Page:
As Harleys become progressively more up to date, they’re maintaining their old virtues
“I’m just an old-fashioned girl with an old-fashioned mind,
Not sophisticated, I’m the sweet and simple kind…”
There’s a long, downhill, almost-straight out of the Otways forest towards Glenaire that’s a hoot on a quick bike. Even if it’s wet, as it was recently on the 2010 H-D Australian launch.
Except when a third of the road is covered in diesel as well.
Top marks to the bespoke Dunlop D209 Qualifiers with which the XR1200X Sportster is shod. The bike went sideways for a little, then caught — softly, no suggestion of a highside — and recovered its direction down the hill. I made a point of staying out of the diesel slick after that. It continued for a few kilometres, but fortunately stopped before we encountered the typical Otways pea-souper fog.
Did you know that it takes 7,000,000,000 of the droplets in fog to make a teaspoonful of water? There were a few litres of water in the air that day. Visibility was rather less than 20 metres, I’d say. I was lucky to be behind an Iron 883 Sportster because that has twin tail-lights, so I could triangulate how far it was ahead of me as we tackled the twisties on the way up to Weeaproinah and Gellibrand.
That might sound like the bike launch from hell, but in fact it was fun — for one very simple reason.
“I want an old-fashioned car, a cerise Cadillac,
Long enough to put a bowling alley in the back …”
Things have changed at the Motor Company. Time was when new models from Milwaukee meant a colour change, a new iteration of the logo or possibly the front end from one model placed on the frame of another. The launch of the renewed and refreshed touring range last year gave notice that those days are over. Those bikes offered vastly improved handling and braking, including even anti-lock braking systems (ABS).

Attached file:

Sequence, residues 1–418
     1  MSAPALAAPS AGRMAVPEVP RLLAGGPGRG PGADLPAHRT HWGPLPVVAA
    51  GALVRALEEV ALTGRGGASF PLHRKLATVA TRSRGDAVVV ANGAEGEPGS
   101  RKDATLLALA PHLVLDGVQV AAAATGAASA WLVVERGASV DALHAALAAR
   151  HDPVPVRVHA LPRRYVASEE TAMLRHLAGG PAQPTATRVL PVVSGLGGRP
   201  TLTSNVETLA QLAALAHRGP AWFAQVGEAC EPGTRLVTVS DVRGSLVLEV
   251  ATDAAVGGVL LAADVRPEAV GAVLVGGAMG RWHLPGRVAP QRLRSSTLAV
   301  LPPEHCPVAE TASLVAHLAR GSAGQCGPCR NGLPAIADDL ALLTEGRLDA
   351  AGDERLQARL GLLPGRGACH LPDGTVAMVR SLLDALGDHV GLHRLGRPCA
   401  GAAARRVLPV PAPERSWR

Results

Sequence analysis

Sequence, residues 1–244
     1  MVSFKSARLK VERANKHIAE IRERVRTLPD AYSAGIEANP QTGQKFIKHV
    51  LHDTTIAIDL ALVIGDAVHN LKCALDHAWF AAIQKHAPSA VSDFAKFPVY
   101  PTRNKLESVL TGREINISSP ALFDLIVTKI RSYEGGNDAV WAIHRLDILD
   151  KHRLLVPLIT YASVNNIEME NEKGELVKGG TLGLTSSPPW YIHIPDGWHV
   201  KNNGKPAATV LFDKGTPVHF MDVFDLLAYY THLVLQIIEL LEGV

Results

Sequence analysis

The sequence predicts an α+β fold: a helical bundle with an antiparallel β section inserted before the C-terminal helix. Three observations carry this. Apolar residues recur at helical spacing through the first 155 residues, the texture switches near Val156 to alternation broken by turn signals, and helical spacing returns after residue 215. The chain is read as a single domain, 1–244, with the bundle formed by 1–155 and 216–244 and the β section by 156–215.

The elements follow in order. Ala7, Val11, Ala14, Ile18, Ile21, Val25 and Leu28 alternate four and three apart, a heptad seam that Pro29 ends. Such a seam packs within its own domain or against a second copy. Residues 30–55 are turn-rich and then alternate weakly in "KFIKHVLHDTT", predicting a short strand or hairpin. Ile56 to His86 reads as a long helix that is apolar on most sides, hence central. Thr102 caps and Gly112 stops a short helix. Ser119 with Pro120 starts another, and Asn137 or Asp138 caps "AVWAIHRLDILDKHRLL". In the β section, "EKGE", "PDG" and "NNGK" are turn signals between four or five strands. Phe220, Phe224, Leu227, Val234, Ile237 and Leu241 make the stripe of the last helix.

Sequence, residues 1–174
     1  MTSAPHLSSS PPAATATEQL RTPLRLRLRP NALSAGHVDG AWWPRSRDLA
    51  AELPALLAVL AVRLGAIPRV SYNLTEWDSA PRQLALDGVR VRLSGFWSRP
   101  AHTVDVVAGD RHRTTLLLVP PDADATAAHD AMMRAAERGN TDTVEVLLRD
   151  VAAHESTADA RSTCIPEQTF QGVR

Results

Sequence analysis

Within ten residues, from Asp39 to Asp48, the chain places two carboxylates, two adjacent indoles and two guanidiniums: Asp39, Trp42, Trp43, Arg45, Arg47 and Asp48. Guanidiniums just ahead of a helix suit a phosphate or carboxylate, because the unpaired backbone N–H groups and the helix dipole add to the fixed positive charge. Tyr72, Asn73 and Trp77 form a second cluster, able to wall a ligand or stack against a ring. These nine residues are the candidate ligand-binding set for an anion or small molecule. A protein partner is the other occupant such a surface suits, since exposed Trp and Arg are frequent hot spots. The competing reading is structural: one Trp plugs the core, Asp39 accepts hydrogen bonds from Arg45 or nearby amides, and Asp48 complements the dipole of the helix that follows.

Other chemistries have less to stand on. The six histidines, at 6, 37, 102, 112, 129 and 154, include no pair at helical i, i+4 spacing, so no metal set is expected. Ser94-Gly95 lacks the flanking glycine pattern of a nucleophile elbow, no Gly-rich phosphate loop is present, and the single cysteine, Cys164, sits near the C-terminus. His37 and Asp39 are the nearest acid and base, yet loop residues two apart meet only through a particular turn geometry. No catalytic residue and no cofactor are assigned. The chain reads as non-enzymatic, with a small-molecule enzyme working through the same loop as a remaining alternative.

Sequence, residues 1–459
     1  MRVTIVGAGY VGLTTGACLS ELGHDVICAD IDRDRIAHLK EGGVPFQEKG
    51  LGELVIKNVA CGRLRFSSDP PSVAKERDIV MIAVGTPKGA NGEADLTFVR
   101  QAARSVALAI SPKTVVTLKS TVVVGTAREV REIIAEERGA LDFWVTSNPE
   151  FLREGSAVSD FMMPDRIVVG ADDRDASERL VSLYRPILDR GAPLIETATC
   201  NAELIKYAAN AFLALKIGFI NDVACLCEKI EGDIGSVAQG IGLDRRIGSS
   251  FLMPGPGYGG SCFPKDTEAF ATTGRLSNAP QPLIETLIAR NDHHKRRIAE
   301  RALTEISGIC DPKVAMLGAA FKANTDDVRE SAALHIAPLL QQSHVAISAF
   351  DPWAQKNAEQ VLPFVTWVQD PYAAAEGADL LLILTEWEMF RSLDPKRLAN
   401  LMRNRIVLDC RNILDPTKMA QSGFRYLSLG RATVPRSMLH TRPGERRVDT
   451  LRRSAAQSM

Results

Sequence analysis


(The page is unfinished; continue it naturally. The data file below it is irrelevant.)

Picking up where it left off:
These days, a new Harley is categorically a better Harley as improvements make their way through the substantial range of Sportsters, Softails, Dynas, touring bikes and even VRSC V-Rods. That VRSCF Muscle is easily the best V-Rod ever.
Cynics might say it’s high time. They’d be right … in a way.
Remember that, since the management takeover, Harley-Davidson’s shareholders have done well. For a while there, in the depth of the financial crisis, the Motor Company was worth more than all of General Motors put together. For many years, this was achieved without a lot of technical improvement, which must have saved a load of money. That would have pleased the shareholders, but there is only so long you can go on — even if you’re H-D — without serious technical improvement. But it’s not enough to make improvements. You have to respect the soul of the brand as well.
What shall it profit a bike if it gains decent Nissin brakes yet loses its soul?
Traditionally, Harley-Davidsons have not sold because of their technological sophistication. Even today, it would be a rare buyer who is seduced by the Downdraft Electronic Sequential Port Fuel Injection or ABS. He or she is much more likely to respond to the long, low and lean look and the growl of the engine.
Low looks and growling engines are not sophisticated or new; but they are part of Harley-Davidson’s soul. And if the Motor Company loses that, it definitely stands to lose the whole world.
So why bother with the technological sophistication? I mean, I appreciate it and so does every other motorcycle scribe who rides the new bikes. But we’re not a huge part of the market and, if our readers don’t much care about it, why should H-D?
For two or maybe three reasons.
An overwhelming reason is that the legislative environment is changing. Motorcycles need to be cleaner and safer just to be allowed into some markets. It’s very hard to meet California’s emission limits without fuel injection, for instance, and there is a good chance that the European Union will make ABS mandatory on new bikes pretty soon. Get up to date or get locked out is the message, and Milwaukee is responding.